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LGBTQ Liaisons In Police, Fire Departments Try To Connect With Marginalized Communities

BALTIMORE (WJZ) -- For Kyle Lovell, his role as the Baltimore City Fire Department's LGBTQ+ liaison is personal.

"When you're growing up in a community that is marginalized, you don't believe you can do certain jobs," he said.

He wants to show that "anyone can do this job."

And he wants people in those communities to feel safe when they call for service.

"When you call 911, the last thing you want on your mind is to worry about, 'Am I being judged? Is this not going to be safe?' and we're here for you," he said.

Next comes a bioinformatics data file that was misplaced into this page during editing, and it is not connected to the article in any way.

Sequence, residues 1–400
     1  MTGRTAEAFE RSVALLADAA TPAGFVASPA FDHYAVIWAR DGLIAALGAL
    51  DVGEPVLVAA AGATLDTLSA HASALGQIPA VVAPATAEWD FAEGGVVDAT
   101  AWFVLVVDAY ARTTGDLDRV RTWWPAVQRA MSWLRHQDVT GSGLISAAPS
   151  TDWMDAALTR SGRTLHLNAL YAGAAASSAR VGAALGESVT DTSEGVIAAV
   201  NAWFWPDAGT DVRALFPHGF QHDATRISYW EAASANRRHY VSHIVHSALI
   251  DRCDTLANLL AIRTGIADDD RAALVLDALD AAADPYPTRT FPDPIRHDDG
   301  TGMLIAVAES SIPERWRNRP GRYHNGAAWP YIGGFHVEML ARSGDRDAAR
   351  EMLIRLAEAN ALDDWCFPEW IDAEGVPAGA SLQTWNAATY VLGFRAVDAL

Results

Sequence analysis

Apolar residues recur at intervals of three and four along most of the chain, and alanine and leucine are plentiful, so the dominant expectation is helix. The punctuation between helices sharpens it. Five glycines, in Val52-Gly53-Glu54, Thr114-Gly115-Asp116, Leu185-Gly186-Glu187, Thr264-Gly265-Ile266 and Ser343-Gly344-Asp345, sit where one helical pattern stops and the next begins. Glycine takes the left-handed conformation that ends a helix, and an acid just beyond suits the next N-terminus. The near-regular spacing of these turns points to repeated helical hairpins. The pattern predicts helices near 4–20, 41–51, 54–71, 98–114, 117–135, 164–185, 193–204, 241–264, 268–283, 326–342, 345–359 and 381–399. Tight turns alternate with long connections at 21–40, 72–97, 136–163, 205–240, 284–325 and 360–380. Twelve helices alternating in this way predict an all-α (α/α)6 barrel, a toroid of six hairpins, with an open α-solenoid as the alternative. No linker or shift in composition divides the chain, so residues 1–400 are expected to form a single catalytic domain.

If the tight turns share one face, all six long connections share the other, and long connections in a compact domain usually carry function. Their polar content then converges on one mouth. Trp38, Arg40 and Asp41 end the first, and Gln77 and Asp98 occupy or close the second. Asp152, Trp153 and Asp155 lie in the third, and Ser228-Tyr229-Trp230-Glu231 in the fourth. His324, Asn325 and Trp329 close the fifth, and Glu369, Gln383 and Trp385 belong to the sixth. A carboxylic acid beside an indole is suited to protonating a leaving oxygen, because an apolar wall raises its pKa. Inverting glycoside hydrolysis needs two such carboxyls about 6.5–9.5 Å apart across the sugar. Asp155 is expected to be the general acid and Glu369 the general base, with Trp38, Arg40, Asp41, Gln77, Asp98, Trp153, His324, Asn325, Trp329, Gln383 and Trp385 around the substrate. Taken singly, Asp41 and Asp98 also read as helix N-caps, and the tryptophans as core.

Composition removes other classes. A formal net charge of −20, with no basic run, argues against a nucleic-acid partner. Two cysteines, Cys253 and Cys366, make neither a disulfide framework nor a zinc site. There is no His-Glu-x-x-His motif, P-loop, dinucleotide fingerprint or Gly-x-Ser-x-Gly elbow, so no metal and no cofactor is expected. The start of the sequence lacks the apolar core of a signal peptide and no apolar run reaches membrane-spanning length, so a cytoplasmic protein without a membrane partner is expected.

Lovell isn't alone, he's part of the growing nationwide movement for public safety departments to have liaisons who work with not only the LGBTQ+ employees, but also the communities they serve.

"I'm creating that network between our fire department members and our community, and to show that within our community there are members like themselves," he said.

Bringing awareness, understanding and giving a voice

"It's important to have this role to be visible," he said. "I always like to say that word to show that you can always be your true authentic self no matter how you identify, no matter who you are."

In Annapolis, Capt. Amy Miguez with the police department has been working as their liaison since 2018.

As an ally, she is working to improve the relationship between the department and the community.

"It's important for us to have the position so that we can try to heal some of those wounds ,and the only thing that's going to make things better is us working at it," said Miguez.

Lovell said, "Our job is to help out the community and be there for everyone's worst day of their lives."

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